How to fight property high valuation?

April 18, 2019

We know that sometimes April is not the best month, why? It’s tax season. For some it means refunds.  For others, it means sending a check to the IRS. Then the new valuation for your real estate property shows up in the mail.  It is not unusual for properties to be overvalued.

This is something that you have some control over but most people don’t know how.  So we will discuss property taxes and why it is important that you look closely at your new valuation.  Is it a higher valuation than what you think it should be? If the answer is “Yes”, don’t worry there is a way to protest your taxes and get them where they should be. The biggest problem we see is that in Texas the central appraisal districts (CAD) will find the highest and best sales in your area and value all homes as if they were in the same condition.  In many cases, most of us don’t have the time or money to put on a fresh coat of paint every year, remodel our kitchen and bathrooms every five years, and run out and re-landscape our home at the first sign of aging.

The CAD will assume that you do.  The CAD will value your home properties that were completely remodeled, landscaped, repaired, and then sold on the open market for top dollar.  The CAD will assume that these properties represent your home in its current condition.  Central appraisal districts know that only a small percentage will protest this inflated value.  It’s up to you to challenge this new value. One thing is for sure your homes appraised value affects your mortgage payment for the next year.  Maybe you haven’t noticed this because it’s figured into your monthly payment.  However, your mortgage payment can jump significantly from one year to the next because of of increased property taxes.First, you need to when and how your property is valued.  All values are set on whatever the property was on January 1st of that calendar year.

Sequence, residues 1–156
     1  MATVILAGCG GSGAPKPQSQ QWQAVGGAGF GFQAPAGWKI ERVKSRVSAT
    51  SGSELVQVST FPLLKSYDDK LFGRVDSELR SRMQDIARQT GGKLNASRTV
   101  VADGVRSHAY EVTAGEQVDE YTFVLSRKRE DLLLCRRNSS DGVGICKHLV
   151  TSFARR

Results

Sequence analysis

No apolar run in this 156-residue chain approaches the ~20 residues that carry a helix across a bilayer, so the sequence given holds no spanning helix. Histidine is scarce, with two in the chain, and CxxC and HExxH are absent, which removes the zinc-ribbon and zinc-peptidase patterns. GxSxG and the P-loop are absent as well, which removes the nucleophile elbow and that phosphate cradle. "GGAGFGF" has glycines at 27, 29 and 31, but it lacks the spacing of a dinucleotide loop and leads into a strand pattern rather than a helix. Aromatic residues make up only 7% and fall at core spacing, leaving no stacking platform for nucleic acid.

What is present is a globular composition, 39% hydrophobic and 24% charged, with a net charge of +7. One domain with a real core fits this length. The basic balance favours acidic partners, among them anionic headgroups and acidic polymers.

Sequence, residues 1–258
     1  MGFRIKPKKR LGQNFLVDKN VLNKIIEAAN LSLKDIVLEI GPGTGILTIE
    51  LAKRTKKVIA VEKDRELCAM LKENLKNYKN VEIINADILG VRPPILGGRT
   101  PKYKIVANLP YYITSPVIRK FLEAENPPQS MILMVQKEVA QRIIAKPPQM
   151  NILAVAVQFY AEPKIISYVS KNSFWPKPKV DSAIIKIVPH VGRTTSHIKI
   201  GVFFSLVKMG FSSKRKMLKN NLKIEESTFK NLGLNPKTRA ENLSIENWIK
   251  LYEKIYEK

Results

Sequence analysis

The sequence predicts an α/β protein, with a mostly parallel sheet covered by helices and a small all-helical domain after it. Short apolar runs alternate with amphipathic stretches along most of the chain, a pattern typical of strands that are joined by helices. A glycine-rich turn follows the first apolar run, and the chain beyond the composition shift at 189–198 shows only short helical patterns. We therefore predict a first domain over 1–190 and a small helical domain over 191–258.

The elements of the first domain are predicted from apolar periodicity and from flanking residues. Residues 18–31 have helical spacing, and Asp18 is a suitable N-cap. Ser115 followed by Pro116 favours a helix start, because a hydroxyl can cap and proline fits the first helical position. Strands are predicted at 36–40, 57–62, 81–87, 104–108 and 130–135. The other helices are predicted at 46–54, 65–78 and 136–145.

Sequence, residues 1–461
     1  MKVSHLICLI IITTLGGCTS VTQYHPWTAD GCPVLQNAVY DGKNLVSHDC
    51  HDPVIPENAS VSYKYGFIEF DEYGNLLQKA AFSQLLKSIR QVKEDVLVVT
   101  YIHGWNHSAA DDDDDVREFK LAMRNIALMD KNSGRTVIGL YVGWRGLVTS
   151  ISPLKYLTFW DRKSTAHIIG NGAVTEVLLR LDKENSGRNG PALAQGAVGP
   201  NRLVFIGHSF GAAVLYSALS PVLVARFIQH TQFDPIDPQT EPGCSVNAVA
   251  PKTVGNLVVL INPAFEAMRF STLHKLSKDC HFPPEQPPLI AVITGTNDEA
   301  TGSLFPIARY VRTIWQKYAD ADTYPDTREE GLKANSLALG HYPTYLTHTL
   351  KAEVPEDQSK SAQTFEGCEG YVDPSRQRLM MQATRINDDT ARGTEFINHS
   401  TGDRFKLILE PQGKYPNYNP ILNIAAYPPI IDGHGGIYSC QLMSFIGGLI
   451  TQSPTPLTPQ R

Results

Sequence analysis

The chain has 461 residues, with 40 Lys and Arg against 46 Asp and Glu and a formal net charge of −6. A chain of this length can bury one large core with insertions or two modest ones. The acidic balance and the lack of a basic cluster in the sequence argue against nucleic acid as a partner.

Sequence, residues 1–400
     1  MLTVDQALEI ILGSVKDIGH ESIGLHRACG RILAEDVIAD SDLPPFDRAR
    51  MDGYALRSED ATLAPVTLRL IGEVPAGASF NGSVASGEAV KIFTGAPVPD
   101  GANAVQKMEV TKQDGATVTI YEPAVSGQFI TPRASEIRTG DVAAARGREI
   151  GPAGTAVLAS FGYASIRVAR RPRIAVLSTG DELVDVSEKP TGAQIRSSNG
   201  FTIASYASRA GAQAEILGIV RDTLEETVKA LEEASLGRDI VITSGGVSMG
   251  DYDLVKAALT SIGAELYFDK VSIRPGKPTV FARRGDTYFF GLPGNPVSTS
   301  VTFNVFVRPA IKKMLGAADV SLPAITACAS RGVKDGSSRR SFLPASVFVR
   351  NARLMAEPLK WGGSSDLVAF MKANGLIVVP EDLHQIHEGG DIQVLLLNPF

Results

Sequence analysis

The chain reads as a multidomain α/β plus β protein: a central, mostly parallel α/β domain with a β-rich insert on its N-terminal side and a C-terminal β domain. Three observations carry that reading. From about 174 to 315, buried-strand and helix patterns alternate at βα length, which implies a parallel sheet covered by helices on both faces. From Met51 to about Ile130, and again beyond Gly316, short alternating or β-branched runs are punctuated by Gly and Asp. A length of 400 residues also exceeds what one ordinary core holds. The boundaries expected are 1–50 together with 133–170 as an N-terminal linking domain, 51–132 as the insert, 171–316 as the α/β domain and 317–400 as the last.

For example, if you are having a new home built and on January 1st there is not a home on the land, and the next day on January 2nd the home is placed on the property value would be for the land only for that calendar year.  Because the value is set at whatever the condition was on January 1st.  Another example would be a swimming pool.  If you have a swimming pool installed after January 1st it will not be added to the tax rolls until the following year.  Next is how the property is valued.

There are three basic kinds of appraisals.  Resale value by square footage (the most common), the cost to build the home, and third is the income approach.  For most residential single-family homes the value will be based on resale value.  For example, if your home is 1000 square feet and the value is $100,000 this means that CAD is valuing the home at $100 per square foot.  If other homes in your area are selling for $70 per square foot and your value is set at $100, you can probably just protest your value on comparable values alone.